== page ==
One way to evaluate interconnect wires or any other wire for that matter is not to compare it to another wire which is an invalid test but to compare it to a shunt. There should be no difference between the signal through the wire and the shunted signal. This can easily be accomplished with interconnects using a preamplifier, integrated amplifier, or receiver with tape outputs and a tape monitor input. Connect the interconnects between the tape outputs and monitor inputs. Switching back and forth between monitor and source puts the signal in and out of the circuit. Any wire that fails this test should be discarded. No $1 radio shack or Dollar Store interconnect I tried ever failed this test. They do not change the signal. They also pass the much tougher video out vs RF out connecting a DVD player to a high quality TV set.
Wires are not good control elements. They are unpredictable, expensive, not adjustable, and far better results can be obtained from an equalizer. This is why the consumer audio industry had to convince its market this product was ruining their sound systems. IMO it isn’t just Audioquest that’s a fraud, it’s the entire aftermarket high end consumer audio wire market.
Thanks Mark. Great comments. As for AQ vs. the entire consumer audio wire market, I agree that audiophiles are spending a lot of money for nothing. However, the problem goes far beyond just the cable folks and extends to hardware, software, etc. However, in the case of AQ and their HDMI cables…I was able to demonstrate that they deliberately falsified the results of their marketing piece. IMHO this goes beyond making ridiculous claims…they cheated with a straight face.
You have it nailed down and explained as to why this was done. I am not a high end audiophile but suggest that one reason more listeners are not, the voo doo thrown at us who would like to be!
Of course, not many of the big name high end editors have commented on this voo doo, because Audioquest advertises in their publication of hard copy or internet.
Especially absent is a big name magazines where a person writing a column for budget items, left to go to Audioquest for employment. They test products and would seem to be qualified to test this fake claim.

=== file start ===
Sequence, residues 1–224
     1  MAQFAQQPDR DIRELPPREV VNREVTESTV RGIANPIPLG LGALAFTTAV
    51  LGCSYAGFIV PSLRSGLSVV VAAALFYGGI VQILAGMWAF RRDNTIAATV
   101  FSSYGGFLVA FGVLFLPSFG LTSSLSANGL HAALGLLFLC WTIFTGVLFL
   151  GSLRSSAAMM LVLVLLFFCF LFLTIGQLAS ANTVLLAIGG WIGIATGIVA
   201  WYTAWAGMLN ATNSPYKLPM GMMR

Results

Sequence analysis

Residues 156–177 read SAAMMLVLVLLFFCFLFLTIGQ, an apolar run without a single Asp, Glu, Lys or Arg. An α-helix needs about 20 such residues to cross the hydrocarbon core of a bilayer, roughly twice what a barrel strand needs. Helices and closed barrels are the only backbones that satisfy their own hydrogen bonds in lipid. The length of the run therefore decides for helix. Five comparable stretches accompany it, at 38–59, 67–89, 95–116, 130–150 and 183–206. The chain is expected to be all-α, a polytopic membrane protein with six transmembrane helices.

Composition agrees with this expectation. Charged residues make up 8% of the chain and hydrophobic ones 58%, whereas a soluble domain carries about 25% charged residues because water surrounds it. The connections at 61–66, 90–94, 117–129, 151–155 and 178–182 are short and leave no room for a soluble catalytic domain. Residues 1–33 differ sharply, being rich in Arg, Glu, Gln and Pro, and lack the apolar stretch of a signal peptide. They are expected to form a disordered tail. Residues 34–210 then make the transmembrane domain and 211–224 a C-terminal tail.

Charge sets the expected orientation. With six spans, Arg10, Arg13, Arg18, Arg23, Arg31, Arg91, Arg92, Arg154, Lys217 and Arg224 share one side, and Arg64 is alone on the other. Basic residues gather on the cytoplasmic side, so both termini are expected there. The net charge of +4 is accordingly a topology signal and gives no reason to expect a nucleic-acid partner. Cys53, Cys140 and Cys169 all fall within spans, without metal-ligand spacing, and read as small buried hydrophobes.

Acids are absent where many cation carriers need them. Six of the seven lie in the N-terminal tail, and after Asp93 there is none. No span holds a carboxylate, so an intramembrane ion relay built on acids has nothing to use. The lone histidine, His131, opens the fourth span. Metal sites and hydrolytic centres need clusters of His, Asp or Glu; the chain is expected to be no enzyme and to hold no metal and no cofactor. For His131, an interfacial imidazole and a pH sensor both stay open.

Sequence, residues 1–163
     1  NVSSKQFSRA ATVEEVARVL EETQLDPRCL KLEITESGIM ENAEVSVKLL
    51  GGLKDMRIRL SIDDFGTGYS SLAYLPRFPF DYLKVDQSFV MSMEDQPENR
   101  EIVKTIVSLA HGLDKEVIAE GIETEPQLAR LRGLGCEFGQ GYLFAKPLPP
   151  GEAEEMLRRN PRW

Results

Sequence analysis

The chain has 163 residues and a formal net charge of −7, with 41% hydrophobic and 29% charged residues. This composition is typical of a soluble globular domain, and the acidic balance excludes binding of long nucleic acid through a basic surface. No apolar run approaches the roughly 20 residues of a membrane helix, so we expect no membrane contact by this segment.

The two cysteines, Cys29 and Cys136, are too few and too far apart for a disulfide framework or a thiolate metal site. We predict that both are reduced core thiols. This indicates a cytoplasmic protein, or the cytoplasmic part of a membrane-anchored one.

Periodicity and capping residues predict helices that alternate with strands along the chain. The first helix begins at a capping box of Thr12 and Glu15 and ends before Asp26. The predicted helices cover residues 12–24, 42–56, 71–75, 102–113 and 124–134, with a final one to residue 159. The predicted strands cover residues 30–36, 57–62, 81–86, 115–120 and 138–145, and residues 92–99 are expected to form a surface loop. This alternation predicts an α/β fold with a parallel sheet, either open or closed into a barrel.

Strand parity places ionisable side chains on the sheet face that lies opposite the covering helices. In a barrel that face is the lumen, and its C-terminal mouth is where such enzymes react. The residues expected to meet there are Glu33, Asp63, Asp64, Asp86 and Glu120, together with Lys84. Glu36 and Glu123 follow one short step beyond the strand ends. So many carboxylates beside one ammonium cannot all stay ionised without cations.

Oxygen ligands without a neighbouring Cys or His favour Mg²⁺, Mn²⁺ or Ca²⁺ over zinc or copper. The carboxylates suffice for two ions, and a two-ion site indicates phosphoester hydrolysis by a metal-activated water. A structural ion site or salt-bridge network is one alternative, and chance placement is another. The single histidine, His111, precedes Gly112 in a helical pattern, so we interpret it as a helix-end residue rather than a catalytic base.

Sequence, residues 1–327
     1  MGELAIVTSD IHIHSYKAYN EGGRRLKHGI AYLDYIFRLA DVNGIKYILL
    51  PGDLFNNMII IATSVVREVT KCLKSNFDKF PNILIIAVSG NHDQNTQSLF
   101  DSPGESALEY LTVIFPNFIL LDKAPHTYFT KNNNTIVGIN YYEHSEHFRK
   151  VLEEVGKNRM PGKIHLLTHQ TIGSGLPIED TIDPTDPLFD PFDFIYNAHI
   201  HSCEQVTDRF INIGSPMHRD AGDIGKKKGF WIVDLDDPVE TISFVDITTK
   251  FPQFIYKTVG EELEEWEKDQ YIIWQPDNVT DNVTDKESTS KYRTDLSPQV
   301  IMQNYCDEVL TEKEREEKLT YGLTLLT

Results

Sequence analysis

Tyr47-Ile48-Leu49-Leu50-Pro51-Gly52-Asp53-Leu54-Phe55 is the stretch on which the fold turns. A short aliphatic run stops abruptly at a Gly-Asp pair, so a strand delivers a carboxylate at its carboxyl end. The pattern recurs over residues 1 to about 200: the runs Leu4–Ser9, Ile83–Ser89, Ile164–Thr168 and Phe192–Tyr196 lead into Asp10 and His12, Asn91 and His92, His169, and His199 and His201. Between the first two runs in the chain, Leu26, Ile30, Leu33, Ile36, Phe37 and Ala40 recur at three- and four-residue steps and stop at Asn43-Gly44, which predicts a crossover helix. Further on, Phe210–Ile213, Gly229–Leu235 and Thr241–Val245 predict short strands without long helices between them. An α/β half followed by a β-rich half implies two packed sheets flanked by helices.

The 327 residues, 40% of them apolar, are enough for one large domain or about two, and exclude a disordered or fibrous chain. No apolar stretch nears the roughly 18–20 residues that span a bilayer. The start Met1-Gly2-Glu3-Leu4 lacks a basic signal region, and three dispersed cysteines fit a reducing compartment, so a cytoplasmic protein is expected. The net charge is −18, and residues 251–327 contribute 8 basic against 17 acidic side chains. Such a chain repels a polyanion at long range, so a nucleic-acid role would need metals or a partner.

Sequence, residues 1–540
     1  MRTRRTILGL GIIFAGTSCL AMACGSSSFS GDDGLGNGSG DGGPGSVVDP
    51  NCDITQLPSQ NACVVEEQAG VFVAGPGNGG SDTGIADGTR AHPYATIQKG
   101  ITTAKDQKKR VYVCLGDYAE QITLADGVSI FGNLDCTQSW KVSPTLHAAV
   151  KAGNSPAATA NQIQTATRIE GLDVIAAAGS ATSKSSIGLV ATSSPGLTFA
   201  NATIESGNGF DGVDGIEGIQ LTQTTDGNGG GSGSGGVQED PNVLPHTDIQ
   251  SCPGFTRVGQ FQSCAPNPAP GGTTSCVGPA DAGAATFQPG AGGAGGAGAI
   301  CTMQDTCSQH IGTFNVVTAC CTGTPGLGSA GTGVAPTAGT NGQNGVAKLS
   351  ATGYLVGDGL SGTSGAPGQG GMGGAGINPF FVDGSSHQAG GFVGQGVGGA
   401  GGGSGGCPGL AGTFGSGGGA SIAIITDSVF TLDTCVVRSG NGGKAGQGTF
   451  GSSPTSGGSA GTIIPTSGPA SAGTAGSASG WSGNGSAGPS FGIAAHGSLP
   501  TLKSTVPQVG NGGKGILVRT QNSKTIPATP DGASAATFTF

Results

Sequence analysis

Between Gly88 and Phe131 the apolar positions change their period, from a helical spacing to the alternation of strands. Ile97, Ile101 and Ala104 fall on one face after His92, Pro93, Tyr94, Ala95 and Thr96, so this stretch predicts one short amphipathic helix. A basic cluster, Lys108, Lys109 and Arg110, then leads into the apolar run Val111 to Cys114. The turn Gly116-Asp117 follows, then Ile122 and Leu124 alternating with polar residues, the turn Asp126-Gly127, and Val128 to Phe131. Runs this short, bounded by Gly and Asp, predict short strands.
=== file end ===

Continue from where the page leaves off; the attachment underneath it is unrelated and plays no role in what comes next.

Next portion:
Until this voo doo is confirmed by this magazine or defended, I remain convinced of the pocket book defeating the cultivation for high end listeners!
Don’t point fingers at the US. This is a multi-national corporation selling and advertising at a mulit-national level.
I don’t agree with AQ practices but I don’t see any other countries bring them to court for the same issues either.
And that’s one more hunted down!
Did YouTube take down your video? What was the reason?
I didn’t post the video. It was taken down by AudioQuest.
I use professional grade Mogami and Canare cables as well as some premium cables given to me by Cardas and Audience.
If only you had said that you used regular 16 gauge zip chord. Oh well.
I have some 12 gauge zip cord as well.
At the same time Stephen Majias formerly of Stereophile, now with AQ marketing is supporting and trying to save face for Robert Baird-Stereophile’s shameful hatchet job on the Eagles-Glenn Frey just days after his death. The majority of the audiophile community is up in arms over this travesty.
Peaceful Easy Feeling | Stereophile.com
Some of the other good followup posts
Above link to Stereophile didn’t work, sorry
I fixed it.
Mark wrote “‘simply sounding better in one direction over the other’ is hyperbole at best and misleading. But it’s not fraudulent. You can’t get in trouble by expressing your opinion.”
The claims made by AudioQuest absolutely *are* fraudulent. They know they’re lying, and it’s not opinion either because it’s easy to prove they’re factually incorrect either by measuring or with a blind listening test.
You’re right, I should have been more emphatic in my judgement. My point is that lots of advertising says things that are opinion and not based on facts.
Mark, thanks for honest reporting. Hope you also hunt down MQA.
I working on it.
After a certain point, a lot of expensive equipment and accessories becomes more about it being “jewelry” than about obtaining any better performance. There is plenty of excellent performing gear and accessories out there that won’t break the bank, but the profit margin on that stuff probably isn’t incredible. That’s where stuff like this AQ business comes in. Caveat Emptor.
Thanks for continuing to expose misleading or even fraudulent claims in the high-end audio world. I am still trying to figure out how quantum effects can be manipulated to deliver better sound. I have seen such claims a number of times. Please keep it going till they leave to join the investment world: I heard that quantum investing is a sure thing!
Question: where can I buy professional grade Mogami and Canare cables?
They’re available online and in most electronics retailers.
What I find mind boggling is that HDMI passes Video at 1.8 Gigabits per second. Why would a cable that can pass that bit rate make any difference to an audio signal even if it was 24 bit 292 Kilobits per second. This is just bonkers. What marketing wazzock thought this would survive any reasonable scrutiny?
Mark, you’ve done us all a service to remove the curtain on this one.
In case you haven’t seen it. Bill Low about the matter. Apparently AQ asked the video be removed.
What is this though? Are they saying they now can’t find the video to investigate?
I hope someone ripped the video on to their HD…
According to the CEO of AudioQuest, the people responsible for the video are unwilling to provide a copy. I have it.
No. Mark asked that the video be removed. Right Mark?
I didn’t request removal of the videos…AQ did.
Could you send it please? We are eager to see and evaluate it.
I will today…been busy with university commitments.
Pathetic. Audioquest has been doing this type of deceptive marketing since the beginnings of the company. And their CEO is trying to convince us he was ignorant of the video? Give me a break!